Mr Lewis: I understand there is an implied undertaking that is given when obtaining documents on disclosure. Some of the issues in this case have been dealt with by members of the Committee who have asked very pertinent questions of the police, and I heard the evidence of the police, but those issues which apparently were not obvious to the police were very obvious to me at the starting point. If that sets it in context, the picture that came up was when the prosecution of Goodman and Mulcaire took place in respect of phone-hacking of the royal princes, Gordon Taylor, who was a client of mine at that time, was quite obviously of no interest whatsoever to Goodman and it did not take a genius (although I like to think that I might be a genius) to work out that somebody else had been the recipient of that information. That was the cause of the whole of this inquiry because I started to think, "Hang on, there is something more to it." The premise that led me to reach that conclusion is because a year before there had been an issue between my client and the News of the World which, whilst subject to client confidentiality, had led the News of the World to say to me that the information they had investigated at that stage was as a result of proper journalist inquiries. When I watched the television about the prosecution in respect of the royal princes being given, I thought, "No, it was not proper journalistic inquiries, they have been hacking phones and that is how they have got information which has led to that story." That is why—fast forward—we get to where we are here and my involvement in the case. My understanding is that there have been three cases. I have also undertaken three cases. Two of my clients have been named and I have been named as having acted for them—Gordon Taylor, Jo Armstrong—the third one has not been named and therefore I cannot name them within the context of these proceedings.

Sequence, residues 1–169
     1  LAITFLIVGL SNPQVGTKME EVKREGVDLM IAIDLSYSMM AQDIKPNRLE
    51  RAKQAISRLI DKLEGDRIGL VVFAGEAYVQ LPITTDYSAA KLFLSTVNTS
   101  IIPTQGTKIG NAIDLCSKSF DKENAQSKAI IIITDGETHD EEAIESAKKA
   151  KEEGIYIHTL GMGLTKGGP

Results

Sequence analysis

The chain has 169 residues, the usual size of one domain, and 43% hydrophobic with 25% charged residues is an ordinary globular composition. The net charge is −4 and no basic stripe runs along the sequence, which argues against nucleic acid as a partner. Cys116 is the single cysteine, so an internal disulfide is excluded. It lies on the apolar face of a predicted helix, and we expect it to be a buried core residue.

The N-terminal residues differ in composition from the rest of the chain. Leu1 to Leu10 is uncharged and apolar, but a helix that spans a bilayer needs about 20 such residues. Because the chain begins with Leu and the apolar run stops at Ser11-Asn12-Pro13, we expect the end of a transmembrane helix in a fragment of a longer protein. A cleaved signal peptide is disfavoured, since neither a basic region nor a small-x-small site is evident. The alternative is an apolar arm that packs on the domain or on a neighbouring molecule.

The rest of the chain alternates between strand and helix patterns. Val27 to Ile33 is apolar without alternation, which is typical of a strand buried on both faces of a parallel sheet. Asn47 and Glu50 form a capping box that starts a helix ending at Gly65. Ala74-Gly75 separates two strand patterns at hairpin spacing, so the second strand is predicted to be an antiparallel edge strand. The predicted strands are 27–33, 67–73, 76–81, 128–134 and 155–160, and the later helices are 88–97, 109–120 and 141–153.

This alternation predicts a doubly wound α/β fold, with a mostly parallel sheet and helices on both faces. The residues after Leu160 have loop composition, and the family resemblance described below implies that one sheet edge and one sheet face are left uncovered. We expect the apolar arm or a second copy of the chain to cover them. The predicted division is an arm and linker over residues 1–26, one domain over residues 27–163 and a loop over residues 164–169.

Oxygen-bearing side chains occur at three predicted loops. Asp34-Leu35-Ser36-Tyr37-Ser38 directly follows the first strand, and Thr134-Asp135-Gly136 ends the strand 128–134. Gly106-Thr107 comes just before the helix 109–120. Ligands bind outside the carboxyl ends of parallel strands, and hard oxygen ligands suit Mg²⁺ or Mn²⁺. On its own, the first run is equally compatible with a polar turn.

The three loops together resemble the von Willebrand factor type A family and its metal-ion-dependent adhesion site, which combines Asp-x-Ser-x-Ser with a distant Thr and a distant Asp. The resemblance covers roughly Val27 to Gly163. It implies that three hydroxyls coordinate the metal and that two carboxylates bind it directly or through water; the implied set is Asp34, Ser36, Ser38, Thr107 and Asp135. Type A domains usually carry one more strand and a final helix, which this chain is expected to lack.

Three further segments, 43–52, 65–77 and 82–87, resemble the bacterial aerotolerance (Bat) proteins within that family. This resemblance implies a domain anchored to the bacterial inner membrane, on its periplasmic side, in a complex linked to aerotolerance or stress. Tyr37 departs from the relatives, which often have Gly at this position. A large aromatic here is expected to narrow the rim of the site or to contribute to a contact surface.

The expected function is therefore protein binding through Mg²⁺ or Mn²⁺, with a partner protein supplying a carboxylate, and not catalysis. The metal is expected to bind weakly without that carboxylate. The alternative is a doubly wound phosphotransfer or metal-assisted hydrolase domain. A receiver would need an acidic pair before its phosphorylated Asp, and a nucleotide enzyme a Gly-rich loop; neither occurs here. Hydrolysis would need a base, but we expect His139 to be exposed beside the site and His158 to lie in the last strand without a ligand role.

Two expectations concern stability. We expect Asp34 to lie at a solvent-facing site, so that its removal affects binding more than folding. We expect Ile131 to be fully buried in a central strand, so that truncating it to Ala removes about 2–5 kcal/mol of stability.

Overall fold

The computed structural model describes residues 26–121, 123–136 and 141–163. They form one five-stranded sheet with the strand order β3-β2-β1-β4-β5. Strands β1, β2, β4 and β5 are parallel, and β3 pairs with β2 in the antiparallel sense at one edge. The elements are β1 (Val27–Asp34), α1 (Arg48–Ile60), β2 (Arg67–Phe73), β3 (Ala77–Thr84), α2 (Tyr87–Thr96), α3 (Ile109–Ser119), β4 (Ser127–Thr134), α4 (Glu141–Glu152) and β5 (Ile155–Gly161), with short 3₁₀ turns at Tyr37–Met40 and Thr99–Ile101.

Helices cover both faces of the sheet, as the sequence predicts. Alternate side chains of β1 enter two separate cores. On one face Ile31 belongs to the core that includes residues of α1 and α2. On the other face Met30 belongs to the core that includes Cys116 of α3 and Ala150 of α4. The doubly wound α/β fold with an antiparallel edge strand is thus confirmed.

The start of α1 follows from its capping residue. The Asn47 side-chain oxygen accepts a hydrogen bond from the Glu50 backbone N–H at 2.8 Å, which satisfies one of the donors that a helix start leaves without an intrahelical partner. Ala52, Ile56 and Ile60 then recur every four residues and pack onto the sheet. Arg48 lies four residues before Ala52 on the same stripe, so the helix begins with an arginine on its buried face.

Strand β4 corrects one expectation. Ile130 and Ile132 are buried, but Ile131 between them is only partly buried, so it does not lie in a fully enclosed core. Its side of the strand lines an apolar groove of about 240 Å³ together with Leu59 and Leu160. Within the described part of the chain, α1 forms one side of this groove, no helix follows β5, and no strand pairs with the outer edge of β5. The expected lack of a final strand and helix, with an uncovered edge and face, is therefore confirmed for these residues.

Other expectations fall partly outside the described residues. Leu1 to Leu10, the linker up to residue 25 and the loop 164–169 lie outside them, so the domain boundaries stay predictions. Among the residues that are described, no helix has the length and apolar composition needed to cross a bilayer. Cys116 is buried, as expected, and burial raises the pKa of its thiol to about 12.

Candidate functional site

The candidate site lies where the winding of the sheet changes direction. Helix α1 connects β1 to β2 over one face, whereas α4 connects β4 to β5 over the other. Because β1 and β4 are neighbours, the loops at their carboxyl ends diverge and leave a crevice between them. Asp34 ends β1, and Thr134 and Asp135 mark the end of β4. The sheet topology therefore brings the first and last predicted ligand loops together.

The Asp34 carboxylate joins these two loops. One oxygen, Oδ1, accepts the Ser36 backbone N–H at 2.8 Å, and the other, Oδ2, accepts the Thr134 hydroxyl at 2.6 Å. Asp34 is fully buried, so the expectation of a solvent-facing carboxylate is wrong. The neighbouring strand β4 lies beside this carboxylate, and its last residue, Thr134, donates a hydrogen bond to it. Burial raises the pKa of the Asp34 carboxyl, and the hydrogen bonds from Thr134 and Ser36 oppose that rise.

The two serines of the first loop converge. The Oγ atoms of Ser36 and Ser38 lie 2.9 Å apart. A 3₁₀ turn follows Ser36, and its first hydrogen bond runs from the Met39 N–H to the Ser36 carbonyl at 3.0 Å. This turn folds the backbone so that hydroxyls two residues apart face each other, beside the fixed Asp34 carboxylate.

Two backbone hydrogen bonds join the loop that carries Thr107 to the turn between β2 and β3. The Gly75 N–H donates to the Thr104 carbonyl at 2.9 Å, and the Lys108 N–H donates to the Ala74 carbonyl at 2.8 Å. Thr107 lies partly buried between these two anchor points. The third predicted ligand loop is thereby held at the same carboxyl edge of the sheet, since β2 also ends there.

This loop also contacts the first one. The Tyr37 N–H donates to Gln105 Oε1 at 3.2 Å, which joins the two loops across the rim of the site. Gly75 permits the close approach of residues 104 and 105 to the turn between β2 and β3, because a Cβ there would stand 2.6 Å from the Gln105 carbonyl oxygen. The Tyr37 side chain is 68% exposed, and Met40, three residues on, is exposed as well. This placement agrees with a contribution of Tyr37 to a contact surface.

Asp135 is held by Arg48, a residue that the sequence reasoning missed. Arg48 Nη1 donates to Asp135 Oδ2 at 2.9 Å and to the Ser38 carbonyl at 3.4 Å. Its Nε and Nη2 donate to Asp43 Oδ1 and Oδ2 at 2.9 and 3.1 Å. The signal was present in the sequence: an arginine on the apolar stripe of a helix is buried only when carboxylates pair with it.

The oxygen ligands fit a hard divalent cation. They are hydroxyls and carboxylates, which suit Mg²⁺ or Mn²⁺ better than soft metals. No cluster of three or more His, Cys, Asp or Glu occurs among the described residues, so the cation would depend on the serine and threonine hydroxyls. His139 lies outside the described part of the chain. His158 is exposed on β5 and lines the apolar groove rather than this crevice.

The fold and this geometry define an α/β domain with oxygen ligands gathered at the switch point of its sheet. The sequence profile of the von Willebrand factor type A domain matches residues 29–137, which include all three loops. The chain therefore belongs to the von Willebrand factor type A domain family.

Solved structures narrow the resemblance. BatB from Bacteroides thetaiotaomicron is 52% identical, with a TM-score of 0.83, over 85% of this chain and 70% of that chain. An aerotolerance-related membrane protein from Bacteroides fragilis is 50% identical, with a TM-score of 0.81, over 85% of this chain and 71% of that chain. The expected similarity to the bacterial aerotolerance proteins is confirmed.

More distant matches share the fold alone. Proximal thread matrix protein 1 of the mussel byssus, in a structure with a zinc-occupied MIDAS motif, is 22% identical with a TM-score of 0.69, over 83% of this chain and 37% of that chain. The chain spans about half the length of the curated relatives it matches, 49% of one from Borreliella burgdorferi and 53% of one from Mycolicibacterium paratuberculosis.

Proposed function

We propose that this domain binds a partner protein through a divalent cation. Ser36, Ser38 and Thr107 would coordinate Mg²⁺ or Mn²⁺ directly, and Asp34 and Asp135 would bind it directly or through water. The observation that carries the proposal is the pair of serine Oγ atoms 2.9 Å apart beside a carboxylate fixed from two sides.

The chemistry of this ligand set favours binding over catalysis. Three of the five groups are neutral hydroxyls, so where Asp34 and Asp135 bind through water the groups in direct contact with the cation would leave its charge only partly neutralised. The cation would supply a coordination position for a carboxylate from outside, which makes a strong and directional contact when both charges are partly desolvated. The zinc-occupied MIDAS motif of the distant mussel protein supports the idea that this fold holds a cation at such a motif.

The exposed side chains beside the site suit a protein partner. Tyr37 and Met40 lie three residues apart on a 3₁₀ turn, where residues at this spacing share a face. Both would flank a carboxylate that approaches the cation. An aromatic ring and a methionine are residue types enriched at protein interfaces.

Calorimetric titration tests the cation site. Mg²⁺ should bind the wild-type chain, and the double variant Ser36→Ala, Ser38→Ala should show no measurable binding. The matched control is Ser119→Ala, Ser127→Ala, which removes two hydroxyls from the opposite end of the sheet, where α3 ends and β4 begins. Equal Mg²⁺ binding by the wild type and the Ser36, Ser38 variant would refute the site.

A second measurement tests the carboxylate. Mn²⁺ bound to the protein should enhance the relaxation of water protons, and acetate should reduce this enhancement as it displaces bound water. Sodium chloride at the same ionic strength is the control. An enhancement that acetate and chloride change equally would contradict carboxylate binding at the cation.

Q2069  Chairman: The key question, you correctly surmise, or at least we would say is your view, that it is unlikely Clive Goodman was commissioning information from Gordon Taylor's phone. Do you have any evidence to suggest who in the News of the World might have been receiving information from Gordon Taylor's phone?